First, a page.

Up to the Promise

By: Fahed Khitan

تم نشره في Sun 29 May / May 2016. 07:22 PM
  • Fahed Khitan

Decisions came, as expected; the dissolve of the Lower House of Parliament, the resignation of the government, the appointment of a new Premier, and as expected, too; Dr Hani Mulqi.

Pending Royal Decree to hold the elections, the Independent Elections Commission (IEC) to afterwards convene for the setting of the date for the elections, they are not expected to be held any sooner than September.

But technically, the Kingdom enters the electoral shop today, as the agendas for the coming months clear out, after weeks of anticipation.

We, then, are on course! The attempts by some to derail the democratisation train, arguing the regional circumstance, did not find favour with His Majesty the King.

The Country has to stride forwards, and there is no place for hesitation with the surrounding situation in hand, to retreat from grand agendas set.

Constitutionally, The King cut off the way for conservative forces, brought the constitution back into the light, annulling the Article that allows for the putting off of Representative Elections for more than 4 months. And for the first time, we test this amendment and realise its value, after previous sufferings with the absence of Legislative Authorities and the predominance of government. The King, according to the current Constitution, is obliged to hold elections within 4 months, or else; the dissolved House will reconvene. Do Jordanians really want the dissolved formation to return to the Dome?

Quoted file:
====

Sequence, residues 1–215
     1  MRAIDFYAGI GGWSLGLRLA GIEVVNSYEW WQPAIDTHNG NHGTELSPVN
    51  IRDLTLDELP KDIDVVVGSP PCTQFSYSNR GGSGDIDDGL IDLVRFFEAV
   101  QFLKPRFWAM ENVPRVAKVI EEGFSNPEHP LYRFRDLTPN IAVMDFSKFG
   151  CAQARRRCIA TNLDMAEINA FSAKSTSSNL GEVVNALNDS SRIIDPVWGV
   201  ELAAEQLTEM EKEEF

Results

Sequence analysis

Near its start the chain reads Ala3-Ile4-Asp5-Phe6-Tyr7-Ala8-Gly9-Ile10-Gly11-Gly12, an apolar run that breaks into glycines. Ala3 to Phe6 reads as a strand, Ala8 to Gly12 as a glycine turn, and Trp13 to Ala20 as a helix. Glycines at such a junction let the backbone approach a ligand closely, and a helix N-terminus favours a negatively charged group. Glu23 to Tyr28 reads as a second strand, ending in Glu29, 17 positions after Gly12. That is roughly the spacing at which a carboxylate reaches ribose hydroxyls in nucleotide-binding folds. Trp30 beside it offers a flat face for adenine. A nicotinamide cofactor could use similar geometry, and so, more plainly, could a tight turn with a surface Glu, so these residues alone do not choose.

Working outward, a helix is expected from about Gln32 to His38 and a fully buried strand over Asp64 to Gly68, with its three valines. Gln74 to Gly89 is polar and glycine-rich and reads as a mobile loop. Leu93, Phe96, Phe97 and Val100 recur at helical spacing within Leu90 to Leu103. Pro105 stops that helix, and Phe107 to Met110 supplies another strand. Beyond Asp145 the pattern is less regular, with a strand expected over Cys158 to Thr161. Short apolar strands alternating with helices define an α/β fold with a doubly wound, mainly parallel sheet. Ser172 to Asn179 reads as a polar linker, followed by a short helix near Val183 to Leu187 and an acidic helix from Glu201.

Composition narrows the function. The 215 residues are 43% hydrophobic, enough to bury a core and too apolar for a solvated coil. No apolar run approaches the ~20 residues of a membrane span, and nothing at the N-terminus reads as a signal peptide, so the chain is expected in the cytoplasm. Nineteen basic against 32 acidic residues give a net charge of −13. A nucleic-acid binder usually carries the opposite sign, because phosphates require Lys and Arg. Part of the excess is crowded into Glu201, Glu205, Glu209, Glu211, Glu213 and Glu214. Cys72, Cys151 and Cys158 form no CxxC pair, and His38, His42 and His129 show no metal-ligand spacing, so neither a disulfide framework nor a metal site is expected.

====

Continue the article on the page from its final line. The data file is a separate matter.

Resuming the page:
Politically, a huge stone was necessarily thrown to ripple through the Country’s political still waters. The political situation has reached an unprecedented bottle neck, with the line between the two Legislative and Executive authorities completely severed. The street has been congesting, above all; and change has become the unilateral demand of Jordanian.

The Transitional phase has to not be a mere contestant phrase, to preface going back to the same discourse of things. There is a pressing need to approach internal affairs from a different angle. The economic situation required instantaneous review; even though available options are limited, still; we can experiment the prospects of options in a better way.  

The conclusions promised off the London Donors Conference are thinning, and we fear they will thin out if we do not move fast to make the best off it. The International Monetary Fund delegation is in Amman, and on the table lie the documents entailing sensitive and crucial articles, waiting to be signed, with enormous impacts of Jordan’s future.

The upcoming parliamentary elections require a detained reviewed plan to revive the national collective psyche, and rid electors of the frustration incurred by the decisions of the dissolved House.

The transitional phase carries in its folds features of the post-elections stage; it entails the quality of the coming House of Representatives, and determines our ability to commence on the new era of Parliamentary Government.

Commitment to the reformation process, so far, has been up to the promise to hold the coming elections in accordance to the new elections law, and has so far as well convinced most of Jordan’s political forces to participation, setting proof of the collective will to hold forwards. Hesitant ones, and doubters, must learn from this, and move into the field of affirmative action and political participation.

There are no other options. The Parliament is the gateway for reformation, and whomever has anything to add should get involved in the electoral process.

The “Couch” parting, those uninvolved and self-unemployed in the political dynamic, are not needed in this Country; there is enough unemployment as it is.